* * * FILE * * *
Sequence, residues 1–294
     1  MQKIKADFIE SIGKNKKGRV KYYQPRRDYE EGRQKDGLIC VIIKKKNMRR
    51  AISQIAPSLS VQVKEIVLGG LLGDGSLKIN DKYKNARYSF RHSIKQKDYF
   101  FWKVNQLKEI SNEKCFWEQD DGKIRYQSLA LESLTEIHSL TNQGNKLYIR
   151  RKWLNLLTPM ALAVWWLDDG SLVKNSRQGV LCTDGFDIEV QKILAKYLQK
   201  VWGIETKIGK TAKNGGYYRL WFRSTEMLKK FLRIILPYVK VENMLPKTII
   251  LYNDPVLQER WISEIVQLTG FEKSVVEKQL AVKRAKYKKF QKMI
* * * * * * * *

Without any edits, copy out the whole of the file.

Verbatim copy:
Sequence, residues 1–294
     1  MQKIKADFIE SIGKNKKGRV KYYQPRRDYE EGRQKDGLIC VIIKKKNMRR
    51  AISQIAPSLS VQVKEIVLGG LLGDGSLKIN DKYKNARYSF RHSIKQKDYF
   101  FWKVNQLKEI SNEKCFWEQD DGKIRYQSLA LESLTEIHSL TNQGNKLYIR
   151  RKWLNLLTPM ALAVWWLDDG SLVKNSRQGV LCTDGFDIEV QKILAKYLQK
   201  VWGIETKIGK TAKNGGYYRL WFRSTEMLKK FLRIILPYVK VENMLPKTII
   251  LYNDPVLQER WISEIVQLTG FEKSVVEKQL AVKRAKYKKF QKMI